EDMONTON, AB – If there weren’t any surprises between the Oilers and Kings coming into Round 1, there certainly won’t be any misconceptions over how Los Angeles will try to work their way back into this series by crashing, banging and being outright menaces on the ice.

Physicality will be the name of Game 2 for the Kings on Wednesday night against the Oilers in a bid to respond to a rather uninspiring start to their post-season campaign on Monday night, but the Oilers are well prepared to meet the demand their own way and stamp out the urgency that'll be down by LA down 1-0 in this first-round series.

Kings Head Coach Jim Hiller left no room for interpretation about his team’s need to improve quickly – with the penalty kill and defending the rush being a few of those areas that need to be addressed – and there’s nothing quite like getting into the game early with a few hard checks or by instigating some scrums around your opponents’ net.

“I think you used the word: urgency,” Draisaitl said, responding to a media member after today’s morning skate. “They're going to come out a lot harder. They're going to check a lot tighter. We know that and we're aware of that.

“For us, it's just a matter of finding our game again and then just one-upping their intensity. We know this will be a tighter-checking game, so we'll make sure we're ready for it.”

Leon speaks ahead of Wednesday's Game 2 against the Kings

Keeping it clean and preventing Edmonton’s vaunted power play from cashing in like in Game 1, when the Oilers went 3-for-4 with the man advantage, will be a delicate balance for the Kings, but the Oilers are all too familiar with that approach from experience and won’t want to get drawn into playing LA’s way.

Rest assured, the Blue & Orange believe they have the players to play that type of game, and probably nobody in the NHL understands how to do that than the man on the Oilers' roster whose reputation precedes him as a pest and someone who can goat you into taking penalties.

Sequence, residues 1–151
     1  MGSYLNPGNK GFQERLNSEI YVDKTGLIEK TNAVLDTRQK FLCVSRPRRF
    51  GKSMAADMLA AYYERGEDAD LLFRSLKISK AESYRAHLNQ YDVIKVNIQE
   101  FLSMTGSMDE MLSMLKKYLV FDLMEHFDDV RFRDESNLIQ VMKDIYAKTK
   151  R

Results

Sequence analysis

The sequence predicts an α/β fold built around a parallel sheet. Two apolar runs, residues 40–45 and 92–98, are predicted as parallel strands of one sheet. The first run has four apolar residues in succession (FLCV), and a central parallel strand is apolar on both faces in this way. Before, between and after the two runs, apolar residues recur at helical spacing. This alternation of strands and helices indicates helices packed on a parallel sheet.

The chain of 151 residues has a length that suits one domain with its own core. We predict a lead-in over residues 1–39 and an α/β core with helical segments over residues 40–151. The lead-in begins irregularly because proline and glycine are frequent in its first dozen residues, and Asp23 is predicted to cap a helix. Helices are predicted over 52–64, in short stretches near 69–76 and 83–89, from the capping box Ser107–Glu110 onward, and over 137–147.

“You have to meet or match their intensity,” said Corey Perry, who's approaching 200 career playoff games. “You know that they're going to come out hard. They're down 1-0, there's no secret there. So you know they're going to come out and they'll be a little better than they were the other night, and we've got to be better than we were.”

LA wasn’t able to win the physical battle in Game 1, with their four penalties resulting in the Oilers' power play being able to put the game out of reach by converting twice in the third period.

Corey speaks on Wednesday from Rogers Place ahead of Game 2

Perry stressed the importance of knowing when the time is right to get involved and knowing where the line is with the officials aroudn the crease when it comes to being too aggressive – something he’s developed over 197 career playoff games and winning a Stanley Cup with Anaheim back in 2007.

“Well, that's one thing you can't really do is respond after the whistle, because you've seen throughout the playoffs and the first few games that they are calling it right away,” he said. “So it's a balancing act, and like I said, you just got to pick your spots and it'll fall where it falls.”

But even at the tender age for a professional hockey player at 39 years old, it’s a discovery process in the playoffs that never gets old for him.

“It’s just something that’s always been ingrained in me, and it's just something I have fun with,” he said. “It's part of the game within the game. The refs do talk when I'm around the crease. They're yelling at me. I'm sure you guys can hear it upstairs because I can definitely hear it playing. They let me know if I'm in the crease, if I'm out of the crease and if I have to move, so that's a nice part just knowing that fine line of where to be.”